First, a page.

Friday, February 23, 2018

Enquiry no place for deception

WITH the commission of enquiry into the coup attempt by adherents to the Jaamat-al-Muslimeen in 1990 in full stride, the last thing we need is the harbouring of any sitting commissioner enquiring into the events of that period in our history with tainted or misleading credentials.

This is not simply a matter of "oops!" when it comes to the integrity and credentials of persons invited to be part of commissions of enquiry in this country but an effort to get to the nub of causes that set off all of the disturbing and distressing happenings during those trying, eventful days in 1990.

It stands to reason then, anyone so invited to enquire and to make recommendations (the better to thwart such negative events from occurring in the future) must be of good character, a citizen of proven high, unimpeachable standing and one duly and safely qualified academically or by hard, irrefutable experience to so sit, enquire and recommend.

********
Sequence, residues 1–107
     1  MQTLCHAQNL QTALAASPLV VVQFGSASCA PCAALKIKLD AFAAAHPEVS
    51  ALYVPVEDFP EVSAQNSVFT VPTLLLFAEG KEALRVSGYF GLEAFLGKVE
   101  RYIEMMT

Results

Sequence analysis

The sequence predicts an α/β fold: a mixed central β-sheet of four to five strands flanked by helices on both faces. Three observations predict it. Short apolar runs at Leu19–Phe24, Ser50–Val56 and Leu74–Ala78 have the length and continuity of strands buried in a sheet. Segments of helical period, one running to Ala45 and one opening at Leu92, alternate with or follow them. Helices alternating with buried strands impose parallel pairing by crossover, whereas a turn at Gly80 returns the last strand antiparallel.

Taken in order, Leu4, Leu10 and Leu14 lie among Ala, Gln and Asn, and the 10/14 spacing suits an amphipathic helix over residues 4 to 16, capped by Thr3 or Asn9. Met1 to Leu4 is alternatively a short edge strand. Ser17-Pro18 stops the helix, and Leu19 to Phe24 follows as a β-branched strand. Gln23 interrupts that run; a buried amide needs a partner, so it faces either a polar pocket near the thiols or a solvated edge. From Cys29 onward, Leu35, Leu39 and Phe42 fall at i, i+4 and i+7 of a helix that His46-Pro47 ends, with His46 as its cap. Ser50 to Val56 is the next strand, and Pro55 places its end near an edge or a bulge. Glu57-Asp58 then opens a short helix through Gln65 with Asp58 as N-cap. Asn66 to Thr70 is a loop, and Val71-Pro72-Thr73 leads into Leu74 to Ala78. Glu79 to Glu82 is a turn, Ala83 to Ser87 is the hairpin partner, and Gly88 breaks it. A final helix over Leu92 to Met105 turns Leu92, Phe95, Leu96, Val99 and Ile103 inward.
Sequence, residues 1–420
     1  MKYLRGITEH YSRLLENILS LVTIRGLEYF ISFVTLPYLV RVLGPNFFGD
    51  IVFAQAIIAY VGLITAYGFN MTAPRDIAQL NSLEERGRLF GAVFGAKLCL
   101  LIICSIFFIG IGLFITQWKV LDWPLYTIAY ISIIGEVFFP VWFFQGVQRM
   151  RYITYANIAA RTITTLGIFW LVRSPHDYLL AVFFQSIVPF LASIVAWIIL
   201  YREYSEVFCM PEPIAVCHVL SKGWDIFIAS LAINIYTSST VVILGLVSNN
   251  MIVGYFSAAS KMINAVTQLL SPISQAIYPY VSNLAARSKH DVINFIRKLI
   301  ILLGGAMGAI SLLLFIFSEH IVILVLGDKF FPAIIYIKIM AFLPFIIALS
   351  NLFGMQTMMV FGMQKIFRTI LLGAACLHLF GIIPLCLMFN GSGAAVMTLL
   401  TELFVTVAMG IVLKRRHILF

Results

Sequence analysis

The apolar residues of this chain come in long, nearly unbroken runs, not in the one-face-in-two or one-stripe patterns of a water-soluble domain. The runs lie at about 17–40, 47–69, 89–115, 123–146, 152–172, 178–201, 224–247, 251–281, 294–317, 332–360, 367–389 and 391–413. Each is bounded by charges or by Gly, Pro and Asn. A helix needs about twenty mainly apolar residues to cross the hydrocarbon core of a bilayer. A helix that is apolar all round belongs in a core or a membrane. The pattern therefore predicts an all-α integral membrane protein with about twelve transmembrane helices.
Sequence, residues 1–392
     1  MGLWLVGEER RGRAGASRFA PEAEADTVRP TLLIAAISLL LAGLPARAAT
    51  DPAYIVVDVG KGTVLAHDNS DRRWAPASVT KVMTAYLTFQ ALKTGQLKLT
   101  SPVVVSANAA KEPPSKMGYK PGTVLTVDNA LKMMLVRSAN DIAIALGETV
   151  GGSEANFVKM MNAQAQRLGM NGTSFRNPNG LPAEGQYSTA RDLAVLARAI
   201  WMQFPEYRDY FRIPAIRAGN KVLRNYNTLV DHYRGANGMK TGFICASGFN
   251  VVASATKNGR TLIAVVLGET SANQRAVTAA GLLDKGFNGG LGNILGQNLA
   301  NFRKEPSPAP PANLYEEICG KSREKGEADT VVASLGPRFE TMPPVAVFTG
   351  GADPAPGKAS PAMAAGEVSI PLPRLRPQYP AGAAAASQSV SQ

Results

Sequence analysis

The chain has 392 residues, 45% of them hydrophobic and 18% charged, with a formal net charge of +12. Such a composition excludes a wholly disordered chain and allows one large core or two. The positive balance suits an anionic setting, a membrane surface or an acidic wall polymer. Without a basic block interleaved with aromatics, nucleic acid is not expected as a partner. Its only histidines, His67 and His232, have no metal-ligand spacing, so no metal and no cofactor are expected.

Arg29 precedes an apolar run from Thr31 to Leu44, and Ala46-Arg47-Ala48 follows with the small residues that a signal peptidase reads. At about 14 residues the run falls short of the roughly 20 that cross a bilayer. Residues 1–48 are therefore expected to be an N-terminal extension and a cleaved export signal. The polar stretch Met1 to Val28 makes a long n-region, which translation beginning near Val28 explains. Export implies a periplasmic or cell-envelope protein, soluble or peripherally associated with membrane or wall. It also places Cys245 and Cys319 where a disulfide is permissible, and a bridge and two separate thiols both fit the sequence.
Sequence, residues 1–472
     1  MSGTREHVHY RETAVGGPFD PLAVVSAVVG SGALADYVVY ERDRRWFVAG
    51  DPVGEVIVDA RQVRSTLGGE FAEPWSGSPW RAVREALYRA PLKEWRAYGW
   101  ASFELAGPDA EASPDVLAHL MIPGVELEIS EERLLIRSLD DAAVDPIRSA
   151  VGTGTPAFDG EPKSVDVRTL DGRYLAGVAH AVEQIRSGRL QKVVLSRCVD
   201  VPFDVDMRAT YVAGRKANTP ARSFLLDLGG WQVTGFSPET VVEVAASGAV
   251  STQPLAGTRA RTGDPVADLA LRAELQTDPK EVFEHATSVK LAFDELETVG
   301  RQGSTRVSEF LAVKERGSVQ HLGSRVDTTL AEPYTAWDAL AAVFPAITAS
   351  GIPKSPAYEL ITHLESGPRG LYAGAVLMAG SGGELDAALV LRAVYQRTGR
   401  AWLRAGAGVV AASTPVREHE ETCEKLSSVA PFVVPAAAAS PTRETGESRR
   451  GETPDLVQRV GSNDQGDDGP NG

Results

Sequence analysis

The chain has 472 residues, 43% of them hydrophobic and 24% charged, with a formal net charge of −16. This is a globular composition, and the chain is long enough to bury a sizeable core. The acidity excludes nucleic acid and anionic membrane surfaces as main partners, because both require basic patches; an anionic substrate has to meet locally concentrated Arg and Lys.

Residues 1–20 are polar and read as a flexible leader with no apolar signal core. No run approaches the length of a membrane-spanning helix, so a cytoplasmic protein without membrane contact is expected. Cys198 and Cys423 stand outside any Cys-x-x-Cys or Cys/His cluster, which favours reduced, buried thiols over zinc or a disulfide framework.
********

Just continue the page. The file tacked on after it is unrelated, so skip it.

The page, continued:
That the nation is confronted with news of a so-so qualified person insisting on his right to serve on such a sensitive set of probes in spite of it, and who has not yet been taken by the scruff of the neck and peremptorily tossed out, makes this country a hearty joke in every sense of the term.

There is absolutely no room for deception and guile and skullduggery on the part of any person appointed to sit and to ask questions of others, with the aim of getting to the bottom of causes and motivations; each session in such enquiries must generate a history of "only the highest tenets of circumspection and integrity" was employed to elicit durable and truthful information from persons before it.

That the commissioner in

question seeks to solidify his position in the instant situation only serves to taint the entire enquiry and, to more potent degrees,

adversely affects the other commissioners and the outcome. He

is certainly not to be mentioned from here on as a "fellow commissioner".

It is high time that this particular issue is firmly dealt with and the persons responsible for its longevity be told a thing or two about their responsibility for the raising of our national image locally and on the international map. How can we aspire to sustainable development if matters like this are left to fester and become daily news?

Michael Coryat